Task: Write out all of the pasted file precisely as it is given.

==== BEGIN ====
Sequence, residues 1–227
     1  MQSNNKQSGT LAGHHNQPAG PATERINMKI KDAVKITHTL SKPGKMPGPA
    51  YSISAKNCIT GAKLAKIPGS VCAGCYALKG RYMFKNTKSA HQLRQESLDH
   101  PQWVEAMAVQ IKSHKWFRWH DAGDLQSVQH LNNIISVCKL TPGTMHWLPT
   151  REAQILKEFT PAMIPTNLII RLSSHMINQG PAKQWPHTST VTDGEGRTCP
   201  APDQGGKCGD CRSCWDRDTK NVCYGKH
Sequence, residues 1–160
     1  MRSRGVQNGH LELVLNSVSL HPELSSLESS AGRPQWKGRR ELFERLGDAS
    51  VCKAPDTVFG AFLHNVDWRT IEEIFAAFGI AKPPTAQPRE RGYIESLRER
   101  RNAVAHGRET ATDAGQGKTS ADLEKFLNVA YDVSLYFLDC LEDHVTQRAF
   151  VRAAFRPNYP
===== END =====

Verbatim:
Sequence, residues 1–227
     1  MQSNNKQSGT LAGHHNQPAG PATERINMKI KDAVKITHTL SKPGKMPGPA
    51  YSISAKNCIT GAKLAKIPGS VCAGCYALKG RYMFKNTKSA HQLRQESLDH
   101  PQWVEAMAVQ IKSHKWFRWH DAGDLQSVQH LNNIISVCKL TPGTMHWLPT
   151  REAQILKEFT PAMIPTNLII RLSSHMINQG PAKQWPHTST VTDGEGRTCP
   201  APDQGGKCGD CRSCWDRDTK NVCYGKH
Sequence, residues 1–160
     1  MRSRGVQNGH LELVLNSVSL HPELSSLESS AGRPQWKGRR ELFERLGDAS
    51  VCKAPDTVFG AFLHNVDWRT IEEIFAAFGI AKPPTAQPRE RGYIESLRER
   101  RNAVAHGRET ATDAGQGKTS ADLEKFLNVA YDVSLYFLDC LEDHVTQRAF
   151  VRAAFRPNYP